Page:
Thousands of children in the Philippines are working in the country's gold mines, where conditions are deadly and "absolutely terrifying," according to a report published Tuesday by Human Rights Watch. According to Time, the report includes interviews with 65 child miners—some of whom started working in gold mines when they were only 9 years old. Al Jazeera reports children are paid a few dollars a day to lower themselves into pits—some more than 80 feet deep, some underwater and requiring a hose to breathe—for hours at a time. Two brothers died of suffocation in one airless pit in 2014; others have been left with joint pain, brain disorders, and skin disease.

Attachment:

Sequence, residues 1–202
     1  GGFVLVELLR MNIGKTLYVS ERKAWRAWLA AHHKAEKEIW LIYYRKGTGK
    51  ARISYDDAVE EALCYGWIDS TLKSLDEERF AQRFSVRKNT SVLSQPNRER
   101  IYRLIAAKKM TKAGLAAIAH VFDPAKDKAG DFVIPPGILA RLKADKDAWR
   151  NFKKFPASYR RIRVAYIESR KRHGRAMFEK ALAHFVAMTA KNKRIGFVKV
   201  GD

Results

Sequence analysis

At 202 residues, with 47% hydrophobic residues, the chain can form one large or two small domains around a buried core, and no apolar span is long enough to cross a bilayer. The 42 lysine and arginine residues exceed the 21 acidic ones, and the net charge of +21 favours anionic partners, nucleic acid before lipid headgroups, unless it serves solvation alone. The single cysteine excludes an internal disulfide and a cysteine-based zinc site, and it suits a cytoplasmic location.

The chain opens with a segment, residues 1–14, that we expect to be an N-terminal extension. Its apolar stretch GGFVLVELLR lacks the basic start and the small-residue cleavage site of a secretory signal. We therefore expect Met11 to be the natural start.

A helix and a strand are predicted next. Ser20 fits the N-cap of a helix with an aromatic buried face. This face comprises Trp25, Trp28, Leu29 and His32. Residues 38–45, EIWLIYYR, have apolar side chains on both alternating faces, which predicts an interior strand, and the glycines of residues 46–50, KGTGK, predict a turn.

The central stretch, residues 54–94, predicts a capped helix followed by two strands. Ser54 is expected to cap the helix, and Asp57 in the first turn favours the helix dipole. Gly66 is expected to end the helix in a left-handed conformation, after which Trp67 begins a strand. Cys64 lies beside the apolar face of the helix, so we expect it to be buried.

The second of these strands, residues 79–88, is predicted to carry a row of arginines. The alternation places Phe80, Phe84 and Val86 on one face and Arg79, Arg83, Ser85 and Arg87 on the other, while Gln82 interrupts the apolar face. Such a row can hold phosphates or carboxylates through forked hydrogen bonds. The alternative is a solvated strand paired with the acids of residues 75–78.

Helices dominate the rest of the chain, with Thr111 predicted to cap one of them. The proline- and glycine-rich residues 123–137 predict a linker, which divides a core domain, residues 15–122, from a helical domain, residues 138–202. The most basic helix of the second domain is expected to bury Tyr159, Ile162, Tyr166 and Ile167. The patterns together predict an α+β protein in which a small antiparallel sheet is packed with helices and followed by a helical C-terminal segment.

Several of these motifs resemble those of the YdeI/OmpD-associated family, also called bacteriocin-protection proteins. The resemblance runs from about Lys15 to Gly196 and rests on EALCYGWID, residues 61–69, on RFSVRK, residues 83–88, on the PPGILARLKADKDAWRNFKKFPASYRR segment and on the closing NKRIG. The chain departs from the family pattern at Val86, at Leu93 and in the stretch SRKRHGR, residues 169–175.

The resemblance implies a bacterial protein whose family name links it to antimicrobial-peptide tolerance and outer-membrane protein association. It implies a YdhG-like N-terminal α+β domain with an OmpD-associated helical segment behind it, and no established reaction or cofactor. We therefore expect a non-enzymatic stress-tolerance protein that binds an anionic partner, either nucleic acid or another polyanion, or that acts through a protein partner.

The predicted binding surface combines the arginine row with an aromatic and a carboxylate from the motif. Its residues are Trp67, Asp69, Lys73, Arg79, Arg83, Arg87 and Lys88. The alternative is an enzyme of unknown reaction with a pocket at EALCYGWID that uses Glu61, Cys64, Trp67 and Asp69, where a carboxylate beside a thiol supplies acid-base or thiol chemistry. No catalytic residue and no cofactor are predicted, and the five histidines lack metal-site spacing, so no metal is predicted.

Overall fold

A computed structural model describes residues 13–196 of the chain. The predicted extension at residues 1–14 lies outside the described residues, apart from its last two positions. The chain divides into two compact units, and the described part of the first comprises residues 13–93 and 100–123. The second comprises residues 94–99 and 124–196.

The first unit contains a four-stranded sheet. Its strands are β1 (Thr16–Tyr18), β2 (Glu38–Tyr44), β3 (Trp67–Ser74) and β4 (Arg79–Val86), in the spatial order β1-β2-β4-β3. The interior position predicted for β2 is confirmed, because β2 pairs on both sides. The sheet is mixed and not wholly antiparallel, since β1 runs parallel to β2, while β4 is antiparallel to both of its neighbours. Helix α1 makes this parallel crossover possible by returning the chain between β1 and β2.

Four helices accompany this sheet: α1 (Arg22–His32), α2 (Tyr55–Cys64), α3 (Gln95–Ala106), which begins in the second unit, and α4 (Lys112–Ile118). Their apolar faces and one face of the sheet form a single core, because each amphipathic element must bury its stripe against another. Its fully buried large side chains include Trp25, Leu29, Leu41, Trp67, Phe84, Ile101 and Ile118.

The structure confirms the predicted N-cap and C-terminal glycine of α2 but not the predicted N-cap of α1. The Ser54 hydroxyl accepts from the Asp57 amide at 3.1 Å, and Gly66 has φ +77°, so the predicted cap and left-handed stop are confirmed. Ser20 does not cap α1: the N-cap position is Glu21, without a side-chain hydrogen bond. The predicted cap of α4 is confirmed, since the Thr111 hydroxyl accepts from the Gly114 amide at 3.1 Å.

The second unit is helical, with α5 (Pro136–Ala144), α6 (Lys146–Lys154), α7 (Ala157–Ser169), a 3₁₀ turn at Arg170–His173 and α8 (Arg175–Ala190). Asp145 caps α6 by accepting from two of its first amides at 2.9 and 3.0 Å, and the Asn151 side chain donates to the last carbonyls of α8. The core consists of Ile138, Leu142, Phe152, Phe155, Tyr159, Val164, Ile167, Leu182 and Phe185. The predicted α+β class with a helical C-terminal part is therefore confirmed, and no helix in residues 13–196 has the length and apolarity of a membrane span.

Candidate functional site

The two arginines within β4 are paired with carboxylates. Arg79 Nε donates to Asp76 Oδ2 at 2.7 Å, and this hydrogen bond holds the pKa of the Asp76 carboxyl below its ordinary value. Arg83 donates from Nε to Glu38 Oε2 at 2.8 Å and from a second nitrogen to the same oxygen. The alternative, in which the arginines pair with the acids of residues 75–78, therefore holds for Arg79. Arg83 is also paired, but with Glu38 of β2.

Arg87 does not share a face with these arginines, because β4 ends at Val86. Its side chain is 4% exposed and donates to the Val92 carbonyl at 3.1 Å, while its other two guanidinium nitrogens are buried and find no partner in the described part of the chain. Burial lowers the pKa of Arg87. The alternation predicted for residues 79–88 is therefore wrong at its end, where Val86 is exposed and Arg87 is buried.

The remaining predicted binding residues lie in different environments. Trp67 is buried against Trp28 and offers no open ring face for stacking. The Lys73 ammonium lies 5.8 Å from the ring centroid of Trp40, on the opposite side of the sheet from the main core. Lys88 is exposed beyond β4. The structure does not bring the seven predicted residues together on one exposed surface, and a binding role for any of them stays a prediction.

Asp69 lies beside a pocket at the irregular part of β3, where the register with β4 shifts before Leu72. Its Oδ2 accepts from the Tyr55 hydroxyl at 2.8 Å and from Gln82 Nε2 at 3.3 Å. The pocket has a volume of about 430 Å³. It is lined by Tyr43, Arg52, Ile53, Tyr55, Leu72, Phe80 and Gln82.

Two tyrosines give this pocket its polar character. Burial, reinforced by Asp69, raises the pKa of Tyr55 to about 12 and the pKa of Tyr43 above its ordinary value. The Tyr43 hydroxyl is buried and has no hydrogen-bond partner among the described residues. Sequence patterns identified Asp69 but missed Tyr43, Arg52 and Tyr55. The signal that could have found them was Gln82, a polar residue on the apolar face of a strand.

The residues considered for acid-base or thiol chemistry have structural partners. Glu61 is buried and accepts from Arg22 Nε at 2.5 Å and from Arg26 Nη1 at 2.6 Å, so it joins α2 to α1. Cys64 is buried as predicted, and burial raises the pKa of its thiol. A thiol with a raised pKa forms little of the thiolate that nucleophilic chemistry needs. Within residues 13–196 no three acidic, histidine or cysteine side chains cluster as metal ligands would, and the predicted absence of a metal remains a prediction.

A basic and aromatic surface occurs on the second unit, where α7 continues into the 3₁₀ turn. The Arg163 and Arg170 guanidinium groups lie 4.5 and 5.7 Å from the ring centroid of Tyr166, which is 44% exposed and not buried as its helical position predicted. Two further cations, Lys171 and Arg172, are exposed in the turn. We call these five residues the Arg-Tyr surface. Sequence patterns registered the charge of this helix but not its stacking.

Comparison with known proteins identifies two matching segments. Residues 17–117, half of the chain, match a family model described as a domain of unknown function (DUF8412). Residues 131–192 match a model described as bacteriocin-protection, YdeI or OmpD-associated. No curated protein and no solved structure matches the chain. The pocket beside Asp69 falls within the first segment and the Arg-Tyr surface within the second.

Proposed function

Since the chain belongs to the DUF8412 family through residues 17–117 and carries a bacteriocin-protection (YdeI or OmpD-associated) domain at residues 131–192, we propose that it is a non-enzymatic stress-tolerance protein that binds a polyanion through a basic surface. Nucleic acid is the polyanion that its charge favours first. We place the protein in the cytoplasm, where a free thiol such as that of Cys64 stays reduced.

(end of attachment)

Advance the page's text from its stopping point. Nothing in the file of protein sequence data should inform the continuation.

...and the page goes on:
But it's not just the mines that are dangerous. After the gold is retrieved, children use their bare hands to process it with mercury, Time reports. According to Al Jazeera, the leftover poisonous metal ends up in rivers were other children play. In the Philippines, anyone under 18 is prohibited from hazardous work, and underwater mining was actually outlawed in March. But both still occur in the country's hunt for gold. "I don't meddle in what they do," one employer tells HRW when questioned about letting minors work. A government official says it's impossible to monitor all the small gold-mining operations going on around the country. HRW is advocating for better oversight by the banks buying the gold and mercury-free processing. (Read more child labor stories.)